In the software development process, the project manager is one part prodding and one part smoothing over problems in the process. They're there to make sure that the process goes forward and they use a variety of processes, meetings, and documents (artifacts) to ensure continued forward progress and to identify problems as soon as possible.

The project management role must be capable of executing details with regular consistency. They must also be able to take a step back from those details to look at the big picture to evaluate things like risk and the accuracy of time estimates. All of this takes a measure of restraint and good listening skills. The restraint prevents the project manager from jumping in before it's time and the listening helps to ensure that the real problem is eventually understood - and can be disseminated to everyone.

Project managers are the keepers of the process. Whatever the process is they're responsible for making sure that it executes well. In some organizations this includes the software development methodology. The project manager is the one that makes sure that the process is adhered to so they can get the predictable results they desire.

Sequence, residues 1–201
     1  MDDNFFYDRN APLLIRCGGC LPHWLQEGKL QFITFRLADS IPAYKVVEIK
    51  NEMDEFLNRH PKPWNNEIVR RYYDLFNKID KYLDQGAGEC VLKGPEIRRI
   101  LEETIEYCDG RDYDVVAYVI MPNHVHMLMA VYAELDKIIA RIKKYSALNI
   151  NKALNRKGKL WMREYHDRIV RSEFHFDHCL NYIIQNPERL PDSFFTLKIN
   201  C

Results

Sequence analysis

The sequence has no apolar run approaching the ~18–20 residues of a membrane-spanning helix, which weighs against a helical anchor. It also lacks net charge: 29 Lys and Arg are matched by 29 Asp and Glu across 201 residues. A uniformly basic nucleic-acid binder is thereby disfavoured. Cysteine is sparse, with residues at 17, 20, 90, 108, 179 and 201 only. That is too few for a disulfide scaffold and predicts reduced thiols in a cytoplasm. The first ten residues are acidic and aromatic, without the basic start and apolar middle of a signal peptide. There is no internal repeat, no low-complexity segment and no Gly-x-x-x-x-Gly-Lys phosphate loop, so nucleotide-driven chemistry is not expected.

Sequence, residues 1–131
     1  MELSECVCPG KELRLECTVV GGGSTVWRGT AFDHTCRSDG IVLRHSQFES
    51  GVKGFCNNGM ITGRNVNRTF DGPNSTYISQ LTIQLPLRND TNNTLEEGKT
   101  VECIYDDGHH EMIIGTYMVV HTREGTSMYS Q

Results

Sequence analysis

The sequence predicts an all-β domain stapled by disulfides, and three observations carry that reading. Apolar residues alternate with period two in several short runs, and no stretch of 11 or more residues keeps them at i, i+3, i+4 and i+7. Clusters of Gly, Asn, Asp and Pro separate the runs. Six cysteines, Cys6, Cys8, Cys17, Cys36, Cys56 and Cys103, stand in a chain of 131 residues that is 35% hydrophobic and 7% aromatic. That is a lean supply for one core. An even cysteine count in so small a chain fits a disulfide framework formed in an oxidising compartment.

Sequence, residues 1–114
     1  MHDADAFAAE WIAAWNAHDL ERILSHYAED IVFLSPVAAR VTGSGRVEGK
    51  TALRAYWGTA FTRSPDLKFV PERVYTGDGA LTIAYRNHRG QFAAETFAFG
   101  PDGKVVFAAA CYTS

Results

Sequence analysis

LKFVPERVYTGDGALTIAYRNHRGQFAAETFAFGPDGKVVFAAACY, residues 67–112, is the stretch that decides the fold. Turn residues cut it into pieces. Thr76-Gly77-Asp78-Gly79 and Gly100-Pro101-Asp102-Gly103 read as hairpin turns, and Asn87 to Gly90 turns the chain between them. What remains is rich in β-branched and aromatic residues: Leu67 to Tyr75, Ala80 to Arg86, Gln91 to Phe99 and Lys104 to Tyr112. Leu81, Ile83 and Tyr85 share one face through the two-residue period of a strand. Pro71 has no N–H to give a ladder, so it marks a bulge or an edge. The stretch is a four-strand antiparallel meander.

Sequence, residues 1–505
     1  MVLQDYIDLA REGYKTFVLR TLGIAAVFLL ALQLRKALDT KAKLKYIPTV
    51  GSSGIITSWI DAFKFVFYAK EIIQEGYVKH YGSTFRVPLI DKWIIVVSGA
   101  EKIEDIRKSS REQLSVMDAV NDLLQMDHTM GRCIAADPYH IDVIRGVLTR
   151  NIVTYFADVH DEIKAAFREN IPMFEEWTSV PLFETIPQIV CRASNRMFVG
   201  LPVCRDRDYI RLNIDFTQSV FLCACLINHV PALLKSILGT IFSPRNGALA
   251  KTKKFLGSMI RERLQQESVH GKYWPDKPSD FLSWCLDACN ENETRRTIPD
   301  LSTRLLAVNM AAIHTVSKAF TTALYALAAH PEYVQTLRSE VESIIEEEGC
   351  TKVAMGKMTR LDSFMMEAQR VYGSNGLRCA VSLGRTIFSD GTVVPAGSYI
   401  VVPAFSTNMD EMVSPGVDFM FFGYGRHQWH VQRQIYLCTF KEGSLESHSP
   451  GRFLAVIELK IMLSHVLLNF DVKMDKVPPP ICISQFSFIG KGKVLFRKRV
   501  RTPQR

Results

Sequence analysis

Getting Started as a Project Manager

Being a project manager more often happens out of necessity than it does out of design. More often than not the project manager becomes a project manager because they see and understand the challenges that are being faced by the software development team and believe that they have the ability to help prevent them. This is the spark that generates an interest in taking a project management path.

One of the paths that can lead to the project management role is the functional analyst. The functional analyst bridges the gap between the business and the software development team. This is a critical skill for the project manager as well. The other skills, such as being able to generate the status reporting and communications, are necessary to maintain control of the project but they can be taught and learned with some coaching.